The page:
Dear God …

April 29, 2018/Covenant Living: Pray Faithfully

Matthew 6:5-13 and I John 5:14-15


I have a dear friend with whom I can share pretty much anything happening in my life.  We talk regularly, and when time passes without a conversation, one of us will pick up the phone and say, “Hey girl!  What’s going on?”  The conversation is off – children, grandchildren, husbands, parents, work, politics, the cost of gas, and what in the world am I going to cook for supper.  Nothing is off limits; nothing is too small or big, too insignificant or monumental, for us to tackle.

Prayer is not very different from that.  In her little book on prayer, Anne Lamott writes, “Prayer means that, in some unique way, we believe we’re invited into a relationship with someone who hears us when we speak in silence.”[1]  Quaker author Richard Foster says, “Prayer is the human response to the perpetual outpouring of love by which God lays siege to every soul.”[2]

We know we should pray.  Maybe we even want to pray.  But somehow we feel inadequate.  It’s one thing to pour our hearts out to a friend, but God?  We worry that our words won’t be eloquent enough, that we will bother God with things too trivial for the Most Holy to consider – or that we won’t find the words to say at all.  Oh, we all have a small pocketful of prayers that we learned as children, but those default prayers don’t seem to work for us as adults.  “Now I lay me down to sleep, I pray the Lord my soul to keep …”  And the other one we all remember: “God is good, God is great …”  That might not be a bad start, actually.

Why do we get so uncomfortable at the idea of doing something that God invites – in fact, requires – us to do as part of our life of faith?  Jesus’ disciples must have seen something compelling in his practice of prayer, but still they seemed uncertain how to pray.  In the Gospel of Luke, one of the disciples entreats Jesus, “Lord, teach us to pray.”  In our text from Matthew, Jesus first tells his disciples how not to pray – don’t be like the hypocrites; don’t use a bunch of fancy words like the Gentiles.  Don’t broadcast your prayers from the street corner or stand up in front of everyone to show off your way with words.  Go into your room, lock yourself away, and pray in secret.  Then he shares the short, simple prayer that we repeat nearly every Sunday.  “Our Father in heaven, hallowed be your name.  Your kingdom come.  Your will be done, on earth as it is in heaven.  Give us this day our daily bread.  And forgive us our debts, as we also have forgiven our debtors.  And do not bring us to the time of trial, but rescue us from the evil one.”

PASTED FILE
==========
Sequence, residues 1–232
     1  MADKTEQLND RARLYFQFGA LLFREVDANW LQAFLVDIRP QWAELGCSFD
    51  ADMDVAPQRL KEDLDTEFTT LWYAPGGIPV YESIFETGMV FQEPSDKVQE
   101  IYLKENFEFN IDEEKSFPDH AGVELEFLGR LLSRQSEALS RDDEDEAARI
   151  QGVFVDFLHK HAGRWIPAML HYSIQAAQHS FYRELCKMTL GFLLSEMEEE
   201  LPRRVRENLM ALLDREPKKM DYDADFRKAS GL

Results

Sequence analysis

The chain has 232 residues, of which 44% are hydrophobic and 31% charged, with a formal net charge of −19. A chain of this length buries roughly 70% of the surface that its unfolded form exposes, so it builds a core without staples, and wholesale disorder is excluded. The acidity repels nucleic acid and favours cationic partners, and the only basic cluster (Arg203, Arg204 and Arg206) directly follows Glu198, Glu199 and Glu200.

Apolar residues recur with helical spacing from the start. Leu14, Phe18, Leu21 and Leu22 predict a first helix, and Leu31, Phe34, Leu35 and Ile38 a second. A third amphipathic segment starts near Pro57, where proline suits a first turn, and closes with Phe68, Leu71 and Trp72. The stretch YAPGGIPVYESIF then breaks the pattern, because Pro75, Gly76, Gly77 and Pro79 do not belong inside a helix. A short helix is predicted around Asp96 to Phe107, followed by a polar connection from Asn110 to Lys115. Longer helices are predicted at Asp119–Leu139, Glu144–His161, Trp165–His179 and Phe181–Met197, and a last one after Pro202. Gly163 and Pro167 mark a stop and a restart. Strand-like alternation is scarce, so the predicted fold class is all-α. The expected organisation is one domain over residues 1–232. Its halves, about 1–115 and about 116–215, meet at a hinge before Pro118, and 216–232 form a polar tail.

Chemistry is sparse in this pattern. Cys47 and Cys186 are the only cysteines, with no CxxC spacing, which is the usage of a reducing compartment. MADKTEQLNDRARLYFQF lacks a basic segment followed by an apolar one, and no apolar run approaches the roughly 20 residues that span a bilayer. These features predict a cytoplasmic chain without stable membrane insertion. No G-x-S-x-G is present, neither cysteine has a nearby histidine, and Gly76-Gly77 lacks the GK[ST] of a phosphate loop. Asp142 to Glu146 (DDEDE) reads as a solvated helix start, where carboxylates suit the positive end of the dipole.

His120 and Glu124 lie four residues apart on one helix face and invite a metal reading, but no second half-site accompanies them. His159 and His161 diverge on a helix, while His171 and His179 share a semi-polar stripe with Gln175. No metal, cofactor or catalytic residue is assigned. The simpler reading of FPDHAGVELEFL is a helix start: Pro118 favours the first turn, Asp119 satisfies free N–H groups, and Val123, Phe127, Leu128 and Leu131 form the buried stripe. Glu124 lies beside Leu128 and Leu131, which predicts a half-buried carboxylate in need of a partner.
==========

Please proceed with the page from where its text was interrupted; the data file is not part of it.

This is not a fancy prayer.  It is short, does not use lofty language, gets right to the point.  Notice that Jesus doesn’t set forth any requirements about our own spiritual status in teaching this prayer.  He doesn’t say we have be perfect or even good before we talk to God.  Lamott reminds us that “Prayer is taking a chance against all odds and past history, we are loved and chosen, and do not have to get it together before we show up.”[3]   This little prayer can serve as a guide for us any time we seek to communicate with God.  It asks for help during time of trouble and provision for all the little things.  It offers thanksgiving to God for the gifts of life and creation.  It lifts up praise and adoration for God our maker.  Or as Lamott puts it, “Help!  Thanks!  Wow!”

The wonderful thing about prayer is that we don’t have to worry about what we will say or whether our prayers will be good enough for God.  “We bring ourselves before God just as we are, warts and all.  Like children before a loving father, we open our hearts and make our requests.”[4]  God welcomes us no matter our state of mind.  Angry or sad or frustrated or overjoyed, our prayers rise up like fragrant incense and are welcomed by God.  “Prayer is our sometimes real selves trying to communicate with [God].  It is us reaching out to be heard.”[5]

No problem or concern or request is too insignificant for us to bring before God.  Foster writes, “I urge you: carry on an ongoing conversation with God about the daily stuff of life.”[6]  He would love my granddaughter Avery, who, while watching her brother play Pac Man, prayed fervently, “Dear Lord, PLEASE HELP Levi to beat the game!”  “Give us this day our daily bread,” we pray, asking God to meet our most basic needs and confessing our complete reliance on God’s provisions for us.  With these words, Jesus teaches us that we should take all of our desires, cares, needs, and concerns to God, who is the very source of our being.

***

Spirit, open my heart to the joy and pain of living.
As you love may I love, in receiving and in giving.
Spirit, open my heart.

God, we’re not sure about prayer.
We’re not sure you really want to hear
the silly, insignificant things
we are worried about.
But we are worried.
About our children,
our work,
our parents,
ourselves,
our world.
Help, God.  Help.
Amen.

 

***

Sometimes our needs are much deeper than daily bread.  Sometimes we find ourselves in what St. John of the Cross called the “dark night of the soul.”  While we may want to pray, while we may want the comfort we believe only the Most High can provide, we falter in approaching God.  We may wonder if God is not somehow to blame.  We may wonder why God did not step in to spare us this pain, to heal our friend, to prevent the shooting, to stave off the hurricane’s destruction.  We are angry, and we just don’t understand.  Theologian Daniel Migliore writes, prayer means “being open and honest to God, praising God but also crying to God in our need, and even sometimes crying out against God.”[7]  French Reformed theologian Jacques Ellul insists that we must “demand God keep his word. … Hope never ceases to shout in God’s ears.”[8]